Author: Ted D. Berner
Rating: 5 cookies
Proof is an excellent example of this concept. I was hooked from the beginning but found some familiarity in the content. I was intrigued by how a story could be weaved from a simple Bible verse in Genesis 6:4:
Then, the story became even more intriguing because of the actual historical research Berner uses to weave a mystical tale of whether giants do exist.
Some questions that may come up may be:
- Do giants exist?
- How were the pyramids built?
- Who was Edward Cayce?
- How was the Coral Castle built?
From the first page until the very last, Proof will have you fervently reading and wondering whether these theories are true. Given the chance, you should venture toward the mystical adventure ahead.
U.S. Entrants only have a chance to be one of two winners of a signed copy of Proof! To enter, you have two options:
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— The Smart Cookie (@TSCPhiles) January 2, 2017
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Giveaway ends Tuesday January 18 at midnight EST!
Young adult fiction has always been my favorite genre. And in January, I joined the 10 minute novelists Facebook group in a late-attempt at joining the 365k club (I was two days too late), and I introduced myself.
Near the end of January/beginning of February, I happened to see a “Buddy Day post request for reviews” one of which was for this very book, The Marshall Plan. The book is a young adult novel, and sequel to the Partition of Africa, in Ard’s The Bennett Series.
Published in October 2015, The Marshall Plan is written by Olivia Folmar Ard, my fellow colleague from the 10 minute novelists.
Olivia began writing creatively at eight years old. During middle and high school, she attended several writing conferences and submitted poems and short stories to various writing contests. She finished her first long work of fiction, a novella entitled Heaven’s Song, in the tenth grade. Her short story “By Its Cover” placed first in its division in the 2008 District III Alabama Penman Creative Writing Contest. She took a reprieve from writing during her years at the University of Montevallo, where she earned a degree in history in 2012. She finished and published her first novel, The Partition of Africa, in 2014.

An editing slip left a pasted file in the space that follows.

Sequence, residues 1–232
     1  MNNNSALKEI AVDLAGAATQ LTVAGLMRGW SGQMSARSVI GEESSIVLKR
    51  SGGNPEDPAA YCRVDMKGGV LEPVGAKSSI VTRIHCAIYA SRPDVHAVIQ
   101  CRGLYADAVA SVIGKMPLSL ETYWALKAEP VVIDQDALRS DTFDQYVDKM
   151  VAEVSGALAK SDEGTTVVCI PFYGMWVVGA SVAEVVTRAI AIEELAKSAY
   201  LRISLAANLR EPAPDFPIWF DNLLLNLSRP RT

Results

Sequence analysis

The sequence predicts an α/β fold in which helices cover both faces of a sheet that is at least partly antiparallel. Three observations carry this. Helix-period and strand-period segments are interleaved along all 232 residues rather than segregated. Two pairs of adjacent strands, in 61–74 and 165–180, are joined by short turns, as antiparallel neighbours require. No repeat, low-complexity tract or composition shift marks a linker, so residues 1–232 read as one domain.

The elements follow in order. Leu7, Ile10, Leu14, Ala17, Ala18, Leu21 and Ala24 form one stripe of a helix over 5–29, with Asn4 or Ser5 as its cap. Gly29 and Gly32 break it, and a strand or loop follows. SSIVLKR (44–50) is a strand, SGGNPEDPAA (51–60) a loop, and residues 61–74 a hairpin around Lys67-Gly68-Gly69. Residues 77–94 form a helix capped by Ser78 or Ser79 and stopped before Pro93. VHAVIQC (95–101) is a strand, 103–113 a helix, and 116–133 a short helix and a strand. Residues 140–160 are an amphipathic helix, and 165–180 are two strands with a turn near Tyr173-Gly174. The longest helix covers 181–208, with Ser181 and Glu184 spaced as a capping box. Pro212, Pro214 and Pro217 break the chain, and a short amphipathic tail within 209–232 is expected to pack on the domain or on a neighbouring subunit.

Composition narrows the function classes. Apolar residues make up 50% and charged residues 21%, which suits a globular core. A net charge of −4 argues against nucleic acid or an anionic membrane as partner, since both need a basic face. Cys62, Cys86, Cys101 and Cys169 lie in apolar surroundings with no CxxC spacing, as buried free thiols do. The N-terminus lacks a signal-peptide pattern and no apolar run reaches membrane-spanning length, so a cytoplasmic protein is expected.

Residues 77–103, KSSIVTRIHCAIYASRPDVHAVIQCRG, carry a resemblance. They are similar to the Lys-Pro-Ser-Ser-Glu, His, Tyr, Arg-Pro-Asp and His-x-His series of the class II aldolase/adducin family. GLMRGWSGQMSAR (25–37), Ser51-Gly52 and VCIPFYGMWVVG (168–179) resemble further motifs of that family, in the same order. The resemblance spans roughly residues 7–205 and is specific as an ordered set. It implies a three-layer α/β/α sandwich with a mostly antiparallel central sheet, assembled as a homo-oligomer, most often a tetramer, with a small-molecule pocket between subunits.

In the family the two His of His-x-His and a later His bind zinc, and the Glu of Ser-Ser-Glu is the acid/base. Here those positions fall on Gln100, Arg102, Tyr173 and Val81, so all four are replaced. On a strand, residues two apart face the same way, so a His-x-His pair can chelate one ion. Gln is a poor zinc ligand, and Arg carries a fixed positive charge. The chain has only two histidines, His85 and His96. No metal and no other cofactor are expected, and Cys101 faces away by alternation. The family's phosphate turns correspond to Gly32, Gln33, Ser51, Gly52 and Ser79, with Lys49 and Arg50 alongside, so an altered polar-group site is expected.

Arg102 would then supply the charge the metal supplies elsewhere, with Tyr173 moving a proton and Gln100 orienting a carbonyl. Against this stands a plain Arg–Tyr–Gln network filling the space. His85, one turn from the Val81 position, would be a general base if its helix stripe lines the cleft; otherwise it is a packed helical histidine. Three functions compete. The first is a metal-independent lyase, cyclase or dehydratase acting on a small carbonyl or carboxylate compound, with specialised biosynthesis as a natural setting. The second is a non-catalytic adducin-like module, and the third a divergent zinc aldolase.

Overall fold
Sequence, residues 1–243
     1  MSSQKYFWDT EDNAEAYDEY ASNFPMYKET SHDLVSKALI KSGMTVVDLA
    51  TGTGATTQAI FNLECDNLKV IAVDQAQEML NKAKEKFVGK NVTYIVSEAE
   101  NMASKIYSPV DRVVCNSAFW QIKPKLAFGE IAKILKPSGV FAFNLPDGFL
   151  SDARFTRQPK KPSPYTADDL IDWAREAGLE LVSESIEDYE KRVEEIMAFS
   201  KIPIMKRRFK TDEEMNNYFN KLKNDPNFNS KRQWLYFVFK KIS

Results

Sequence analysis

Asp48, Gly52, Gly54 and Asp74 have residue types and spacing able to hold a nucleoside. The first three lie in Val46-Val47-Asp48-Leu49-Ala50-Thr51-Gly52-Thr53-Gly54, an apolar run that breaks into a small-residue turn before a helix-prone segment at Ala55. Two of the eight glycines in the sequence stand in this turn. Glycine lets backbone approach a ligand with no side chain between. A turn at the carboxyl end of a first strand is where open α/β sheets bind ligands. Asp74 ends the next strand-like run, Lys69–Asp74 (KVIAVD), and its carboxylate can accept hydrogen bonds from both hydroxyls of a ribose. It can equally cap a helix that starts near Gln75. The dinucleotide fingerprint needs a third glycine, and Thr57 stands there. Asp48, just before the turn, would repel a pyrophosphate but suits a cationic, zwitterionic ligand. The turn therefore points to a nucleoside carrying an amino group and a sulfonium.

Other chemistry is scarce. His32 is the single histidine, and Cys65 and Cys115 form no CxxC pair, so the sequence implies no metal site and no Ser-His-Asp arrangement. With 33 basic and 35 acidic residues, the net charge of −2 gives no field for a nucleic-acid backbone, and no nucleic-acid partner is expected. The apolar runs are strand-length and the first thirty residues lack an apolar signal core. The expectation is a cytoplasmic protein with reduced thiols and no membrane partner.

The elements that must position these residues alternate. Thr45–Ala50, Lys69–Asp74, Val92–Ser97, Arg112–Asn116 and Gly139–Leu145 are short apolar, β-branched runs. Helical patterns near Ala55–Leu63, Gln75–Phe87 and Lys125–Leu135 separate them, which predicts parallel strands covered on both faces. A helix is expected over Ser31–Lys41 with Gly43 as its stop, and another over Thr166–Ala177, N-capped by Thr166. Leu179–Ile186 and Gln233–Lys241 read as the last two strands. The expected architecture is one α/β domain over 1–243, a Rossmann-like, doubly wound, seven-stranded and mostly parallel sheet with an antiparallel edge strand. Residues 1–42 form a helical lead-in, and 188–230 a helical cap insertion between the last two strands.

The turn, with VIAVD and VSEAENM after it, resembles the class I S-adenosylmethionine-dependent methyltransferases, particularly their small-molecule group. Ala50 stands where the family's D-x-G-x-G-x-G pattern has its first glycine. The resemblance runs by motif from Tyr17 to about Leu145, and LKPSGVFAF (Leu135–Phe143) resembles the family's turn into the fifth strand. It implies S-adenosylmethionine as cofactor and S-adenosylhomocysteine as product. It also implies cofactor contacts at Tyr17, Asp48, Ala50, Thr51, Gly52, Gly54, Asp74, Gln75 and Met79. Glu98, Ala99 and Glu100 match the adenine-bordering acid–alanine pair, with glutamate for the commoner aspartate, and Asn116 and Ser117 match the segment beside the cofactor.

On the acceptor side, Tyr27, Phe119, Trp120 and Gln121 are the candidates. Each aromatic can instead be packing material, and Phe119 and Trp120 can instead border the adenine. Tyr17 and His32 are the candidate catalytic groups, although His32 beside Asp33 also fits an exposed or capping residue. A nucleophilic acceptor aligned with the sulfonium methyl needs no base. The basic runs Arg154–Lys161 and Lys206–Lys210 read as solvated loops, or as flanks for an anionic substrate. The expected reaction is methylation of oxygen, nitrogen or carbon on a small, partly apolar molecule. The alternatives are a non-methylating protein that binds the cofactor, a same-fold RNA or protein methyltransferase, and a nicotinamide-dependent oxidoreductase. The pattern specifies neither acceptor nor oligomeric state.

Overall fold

Olivia currently lives in central Alabama with her husband, to whom she’s been wed since the age of twenty-two, and their cat, Buddy. When she isn’t writing, she enjoys watching quality television–The Office (US), Parks & Recreation, 30 Rock, and Friends are her favorites–and cooking without recipes. Along with working full-time at her alma mater and studying English at the graduate level, she is busy working on her next literary adventure (Taken from Amazon.com).
What I love most about The Marshall Plan as a whole was that there was never one minute while reading it that I was bored or didn’t feel like I was learning something new about the human experience or the main character Molly Marshall.
I became so engrossed in the story that I felt myself not only relating to Molly but morphing into her. I mean I related to her on so many levels:
- Graduated college but unable to find a job where I could use my degree or degree-related skills
- She has a roommate of a handful of years that doesn’t really acknowledge her because she’s too busy pleasing her boyfriend in every way
- Molly struggles with insecurities that prevent her dream of being a writer coming true that stem from her rough and emotional abusive relationship with her father.
- Gavin insists on waiting until marriage for Molly and him to share physical intimacy (This was refreshing to see featured as a choice of the main male character featured in young adult literature).
Even though I read this book for free as a favor for a friend, I would recommend that everyone read it because Ard commands your undying attention from the first and last touch of the pen to paper. I now am aching to read the next work in the Bennett Series.